So how do we define social engagement? Here is some great data on what is actually happening out there, where all our assumptions about what constitutes valuable metrics are totally wrong, thanks to Chartbeart’s Tony Haile.

Myth 1: We read what we’ve clicked on
Chartbeat looked at user behaviour across 2 billion visits over one month. They found that what people click on, they don’t read! 55% spent less than 15 seconds on the page they clicked on. What is happening is that “traffic”, long considered the metric of success on any website, is actually as fleeting and passive as a billboard on a busy highway. The page is getting views, but there is no one home to read and digest, or get value, out of the information offered.

“The most valuable audience is the one that comes back. Those linkbait writers are having to start from scratch every day trying to find new ways to trick clicks from hicks with the ‘Top Richest Fictional Public Companies’. Those writers living in the Attention Web are creating real stories and building an audience that comes back.” – Tony Haile, Chartbeat – Time Magazine

%social engagement %social listening

Myth 2: Social sharing means engagement
The data shows that a lot of content that is being shared is also not being read. What’s the point? Looks like a lot of content is being shared for the sake of “sharing something”. Chartbeat found that the least shared story had the most engagement time, and the most shared story the least. A bit opposite to common wisdom.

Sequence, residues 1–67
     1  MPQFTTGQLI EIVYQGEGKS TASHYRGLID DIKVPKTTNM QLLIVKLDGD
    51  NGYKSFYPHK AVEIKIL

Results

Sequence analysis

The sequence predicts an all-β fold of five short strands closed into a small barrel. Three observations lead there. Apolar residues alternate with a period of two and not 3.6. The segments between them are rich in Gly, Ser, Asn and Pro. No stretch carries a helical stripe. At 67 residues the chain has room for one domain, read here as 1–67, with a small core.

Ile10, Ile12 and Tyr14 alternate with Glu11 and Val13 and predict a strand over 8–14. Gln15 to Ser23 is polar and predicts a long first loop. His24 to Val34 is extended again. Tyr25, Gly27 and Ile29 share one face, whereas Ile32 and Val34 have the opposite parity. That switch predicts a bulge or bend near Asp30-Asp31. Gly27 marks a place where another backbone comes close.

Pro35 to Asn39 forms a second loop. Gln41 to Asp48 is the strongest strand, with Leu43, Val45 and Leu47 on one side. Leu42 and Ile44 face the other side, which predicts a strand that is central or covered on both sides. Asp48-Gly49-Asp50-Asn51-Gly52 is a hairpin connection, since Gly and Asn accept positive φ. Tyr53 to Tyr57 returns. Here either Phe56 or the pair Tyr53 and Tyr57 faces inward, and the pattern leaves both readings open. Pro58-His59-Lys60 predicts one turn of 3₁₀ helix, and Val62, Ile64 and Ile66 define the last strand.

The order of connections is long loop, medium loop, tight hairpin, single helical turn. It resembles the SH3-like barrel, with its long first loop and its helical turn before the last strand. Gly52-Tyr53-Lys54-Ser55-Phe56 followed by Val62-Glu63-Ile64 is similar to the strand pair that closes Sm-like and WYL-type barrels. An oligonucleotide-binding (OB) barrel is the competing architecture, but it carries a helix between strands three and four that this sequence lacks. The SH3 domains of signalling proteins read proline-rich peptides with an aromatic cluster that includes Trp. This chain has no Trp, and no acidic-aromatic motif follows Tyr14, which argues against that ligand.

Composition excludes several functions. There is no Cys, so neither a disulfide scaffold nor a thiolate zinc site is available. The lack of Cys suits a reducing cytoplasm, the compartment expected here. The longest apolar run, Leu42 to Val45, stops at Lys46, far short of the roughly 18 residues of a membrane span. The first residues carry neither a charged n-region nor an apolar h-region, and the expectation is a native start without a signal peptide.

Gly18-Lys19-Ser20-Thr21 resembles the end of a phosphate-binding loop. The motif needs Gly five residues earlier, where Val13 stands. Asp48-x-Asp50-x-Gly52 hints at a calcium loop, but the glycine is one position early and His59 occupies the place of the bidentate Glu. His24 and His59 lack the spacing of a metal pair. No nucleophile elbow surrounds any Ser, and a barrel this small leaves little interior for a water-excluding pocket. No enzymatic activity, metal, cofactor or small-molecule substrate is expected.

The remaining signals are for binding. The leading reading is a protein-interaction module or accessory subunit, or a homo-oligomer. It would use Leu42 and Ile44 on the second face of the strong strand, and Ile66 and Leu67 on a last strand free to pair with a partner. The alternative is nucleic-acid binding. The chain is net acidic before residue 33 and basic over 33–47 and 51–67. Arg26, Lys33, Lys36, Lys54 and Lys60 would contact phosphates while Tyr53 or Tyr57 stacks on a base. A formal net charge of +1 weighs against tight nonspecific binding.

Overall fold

“We looked at 10,000 socially-shared articles and found that there is no relationship whatsoever between the amount a piece of content is shared and the amount of attention an average reader will give that content.” Tony Haile, Chartbeat – Time Magazine

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Myth 3: Native advertising is the future
Data on what people do with native advertising articles, as opposed to real ones, is very revealing. Especially when you look at how much they scroll with a real article..almost 3 times as much. Chartbeat reports that some sites are winning at this game though, because they pay careful attention to what gets published: Gizmodo and Refinery29 optimize for attention as opposed to clicks, shares, and traffic.

Myth 4: No one reads below the fold
Chartbeat has data to show that most readers spend most of their attention time below the fold – that is beyond what is on the screen when you first load a webpage. Not surprising then that banner ads do so poorly. They’re at the top where attention is mostly non-existent.

%social engagement %social listening

Chart Sources: Tony Haile, Chartbeat